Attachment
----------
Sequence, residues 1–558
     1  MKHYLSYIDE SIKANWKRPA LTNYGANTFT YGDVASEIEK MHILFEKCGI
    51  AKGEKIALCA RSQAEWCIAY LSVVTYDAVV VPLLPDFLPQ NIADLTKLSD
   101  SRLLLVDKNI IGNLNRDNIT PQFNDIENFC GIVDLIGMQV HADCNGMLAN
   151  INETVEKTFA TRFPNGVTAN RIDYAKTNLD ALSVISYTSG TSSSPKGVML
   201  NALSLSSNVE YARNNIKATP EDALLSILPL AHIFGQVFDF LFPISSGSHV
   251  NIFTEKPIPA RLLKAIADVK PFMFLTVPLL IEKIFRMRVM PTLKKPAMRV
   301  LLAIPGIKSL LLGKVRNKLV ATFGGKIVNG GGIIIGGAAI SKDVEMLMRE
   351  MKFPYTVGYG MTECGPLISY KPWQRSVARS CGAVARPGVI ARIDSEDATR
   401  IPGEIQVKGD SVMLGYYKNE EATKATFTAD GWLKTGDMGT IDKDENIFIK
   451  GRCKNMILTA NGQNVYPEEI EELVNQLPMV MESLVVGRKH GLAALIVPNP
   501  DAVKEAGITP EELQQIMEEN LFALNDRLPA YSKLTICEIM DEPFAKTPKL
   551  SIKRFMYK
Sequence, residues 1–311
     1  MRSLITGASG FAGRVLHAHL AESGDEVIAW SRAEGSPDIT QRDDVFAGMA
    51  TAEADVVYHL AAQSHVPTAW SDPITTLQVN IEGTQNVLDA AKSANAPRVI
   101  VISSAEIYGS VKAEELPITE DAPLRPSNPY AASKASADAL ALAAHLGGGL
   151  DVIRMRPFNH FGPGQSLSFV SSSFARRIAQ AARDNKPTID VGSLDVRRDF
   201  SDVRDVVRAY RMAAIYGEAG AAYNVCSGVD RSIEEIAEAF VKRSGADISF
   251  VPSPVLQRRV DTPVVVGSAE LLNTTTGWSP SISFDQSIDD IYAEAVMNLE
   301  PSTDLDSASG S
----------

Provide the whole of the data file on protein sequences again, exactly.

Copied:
Sequence, residues 1–558
     1  MKHYLSYIDE SIKANWKRPA LTNYGANTFT YGDVASEIEK MHILFEKCGI
    51  AKGEKIALCA RSQAEWCIAY LSVVTYDAVV VPLLPDFLPQ NIADLTKLSD
   101  SRLLLVDKNI IGNLNRDNIT PQFNDIENFC GIVDLIGMQV HADCNGMLAN
   151  INETVEKTFA TRFPNGVTAN RIDYAKTNLD ALSVISYTSG TSSSPKGVML
   201  NALSLSSNVE YARNNIKATP EDALLSILPL AHIFGQVFDF LFPISSGSHV
   251  NIFTEKPIPA RLLKAIADVK PFMFLTVPLL IEKIFRMRVM PTLKKPAMRV
   301  LLAIPGIKSL LLGKVRNKLV ATFGGKIVNG GGIIIGGAAI SKDVEMLMRE
   351  MKFPYTVGYG MTECGPLISY KPWQRSVARS CGAVARPGVI ARIDSEDATR
   401  IPGEIQVKGD SVMLGYYKNE EATKATFTAD GWLKTGDMGT IDKDENIFIK
   451  GRCKNMILTA NGQNVYPEEI EELVNQLPMV MESLVVGRKH GLAALIVPNP
   501  DAVKEAGITP EELQQIMEEN LFALNDRLPA YSKLTICEIM DEPFAKTPKL
   551  SIKRFMYK
Sequence, residues 1–311
     1  MRSLITGASG FAGRVLHAHL AESGDEVIAW SRAEGSPDIT QRDDVFAGMA
    51  TAEADVVYHL AAQSHVPTAW SDPITTLQVN IEGTQNVLDA AKSANAPRVI
   101  VISSAEIYGS VKAEELPITE DAPLRPSNPY AASKASADAL ALAAHLGGGL
   151  DVIRMRPFNH FGPGQSLSFV SSSFARRIAQ AARDNKPTID VGSLDVRRDF
   201  SDVRDVVRAY RMAAIYGEAG AAYNVCSGVD RSIEEIAEAF VKRSGADISF
   251  VPSPVLQRRV DTPVVVGSAE LLNTTTGWSP SISFDQSIDD IYAEAVMNLE
   301  PSTDLDSASG S